Edelman Offices – Abu Dhabi

  • Client Edelman,
  • size 6,458 sqft
  • Year 2017
  • Location Abu Dhabi, United Arab Emirates,
  • Industry Consulting / Business Services,
  • Pallavi Dean Interiors designed the new offices of global communications marketing firm Edelman, located in Abu Dhabi, United Arab Emirates.

    The design is inspired by the idea of ‘cultural villages’ – the distinct little neighbourhoods that make up great cities, such as Soho, Wall Street and the Upper West Side in New York. Each neighbourhood has its own unique personality, people and purpose – yet they’re all linked by a common thread.

    In many ways Edelman is the same. A series of distinct units such as public relations, digital and experiential – each with their own unique characteristics, yet integrated into a greater whole in the form of Edelman.

    We embedded it into the design of Edelman Abu Dhabi. Think about the spaces in the office. At one end there’s what we call the ‘festival space’, with an amphitheatre and café-style seating, where people come to eat, chat and be entertained. At the other end you have the main workspace, designed for people doing deep, focused work. And in between are a series of collaborative spaces, such as the main meeting room we call ‘city loft’ for its relaxed, urban, yet sophisticated feel.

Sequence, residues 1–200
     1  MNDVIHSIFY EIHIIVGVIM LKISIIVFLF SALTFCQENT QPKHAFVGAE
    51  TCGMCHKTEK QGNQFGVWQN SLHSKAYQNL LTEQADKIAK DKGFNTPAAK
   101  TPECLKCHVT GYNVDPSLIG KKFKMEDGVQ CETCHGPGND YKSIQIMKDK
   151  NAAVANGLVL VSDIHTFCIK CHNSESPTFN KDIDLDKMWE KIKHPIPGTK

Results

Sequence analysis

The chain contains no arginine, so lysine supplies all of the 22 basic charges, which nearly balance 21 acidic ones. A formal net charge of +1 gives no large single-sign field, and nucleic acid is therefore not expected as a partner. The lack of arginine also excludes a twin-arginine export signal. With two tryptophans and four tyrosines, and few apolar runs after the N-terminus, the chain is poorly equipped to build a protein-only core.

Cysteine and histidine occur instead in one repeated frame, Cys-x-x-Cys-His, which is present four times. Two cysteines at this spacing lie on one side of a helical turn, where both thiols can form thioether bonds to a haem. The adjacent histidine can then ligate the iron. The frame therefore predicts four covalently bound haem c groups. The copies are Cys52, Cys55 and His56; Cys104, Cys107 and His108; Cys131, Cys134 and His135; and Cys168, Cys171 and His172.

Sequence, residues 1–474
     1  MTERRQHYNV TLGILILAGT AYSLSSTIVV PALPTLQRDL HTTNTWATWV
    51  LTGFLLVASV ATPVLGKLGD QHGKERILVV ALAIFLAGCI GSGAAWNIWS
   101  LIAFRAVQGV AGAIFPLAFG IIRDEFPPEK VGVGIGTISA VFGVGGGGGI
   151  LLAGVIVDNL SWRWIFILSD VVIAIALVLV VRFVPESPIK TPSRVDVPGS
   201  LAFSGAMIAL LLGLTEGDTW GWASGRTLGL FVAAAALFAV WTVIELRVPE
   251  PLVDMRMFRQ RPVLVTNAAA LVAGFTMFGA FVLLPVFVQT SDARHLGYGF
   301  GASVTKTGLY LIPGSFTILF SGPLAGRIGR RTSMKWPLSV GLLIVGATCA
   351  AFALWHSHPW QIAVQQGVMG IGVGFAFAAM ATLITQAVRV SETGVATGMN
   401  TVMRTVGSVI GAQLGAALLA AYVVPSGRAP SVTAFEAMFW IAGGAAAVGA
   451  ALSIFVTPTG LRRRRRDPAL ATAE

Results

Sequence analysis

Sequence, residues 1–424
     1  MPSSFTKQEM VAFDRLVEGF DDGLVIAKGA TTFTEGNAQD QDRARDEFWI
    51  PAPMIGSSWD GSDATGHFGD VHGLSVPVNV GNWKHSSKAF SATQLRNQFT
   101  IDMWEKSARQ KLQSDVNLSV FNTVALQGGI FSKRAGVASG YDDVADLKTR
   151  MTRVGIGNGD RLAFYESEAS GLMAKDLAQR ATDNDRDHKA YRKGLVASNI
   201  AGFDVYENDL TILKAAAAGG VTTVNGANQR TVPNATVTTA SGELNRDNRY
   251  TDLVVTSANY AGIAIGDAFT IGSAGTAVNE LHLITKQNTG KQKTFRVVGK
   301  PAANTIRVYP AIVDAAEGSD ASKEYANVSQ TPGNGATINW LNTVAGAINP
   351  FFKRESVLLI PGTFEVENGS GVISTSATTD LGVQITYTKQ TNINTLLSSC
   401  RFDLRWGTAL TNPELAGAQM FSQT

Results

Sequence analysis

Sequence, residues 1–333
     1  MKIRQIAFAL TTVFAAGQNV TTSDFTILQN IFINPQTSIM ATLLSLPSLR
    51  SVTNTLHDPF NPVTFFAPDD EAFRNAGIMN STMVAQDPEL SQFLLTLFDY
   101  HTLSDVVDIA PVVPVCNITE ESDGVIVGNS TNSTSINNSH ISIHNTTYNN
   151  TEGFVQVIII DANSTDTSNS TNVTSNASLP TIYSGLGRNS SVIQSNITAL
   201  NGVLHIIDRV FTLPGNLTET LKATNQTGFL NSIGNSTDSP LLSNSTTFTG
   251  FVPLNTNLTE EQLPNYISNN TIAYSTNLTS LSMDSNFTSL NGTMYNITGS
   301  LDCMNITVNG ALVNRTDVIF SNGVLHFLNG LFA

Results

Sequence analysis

Finally, there’s a single, powerful architectural gesture drawing everything together – the sculptural wooden canopy spanning the length of the office. It’s a subtle nod to the High Line linear urban park in New York, and the spectacular Sheikh Zayed bridge that visitors cross on their way to the office. So. A community of spaces with their own identity, all drawn together by a shared sense of community. Welcome to Edelman Abu Dhabi.

    The space for Edelman Abu Dhabi has one standout feature: it’s linear. This presents a rare challenge for a workspace, in that it can be tough to encourage people circulate in a linear space.

    We solved this problem by drawing on research from the field of environmental psychology. Studies have shown that interior designers can use colour, shapes and forced perspective to draw people into a space. Take the long corridor leading from the reception area to the main workspace: we designed the meeting spaces that line one side of the corridor to be non-linear, with curved glass walls and uneven angles to make them visually engaging. It’s a playful vignette that attracts the eye.

    The contrast between the ‘compression’ of a low, narrow space leading to the ‘expansion’ of a high, cavernous space is a powerful technique within interior design. This occurs naturally with the transition of the corridor into the main workspace, and we amplified it by using colour, light and positioning of the walls.

    The back wall of the main workspace is a deliberately powerful focal point. It’s a dramatic, large scale, hand-painted mural of Abu Dhabi landmarks which adds to the effect of drawing people into the extremities of the space.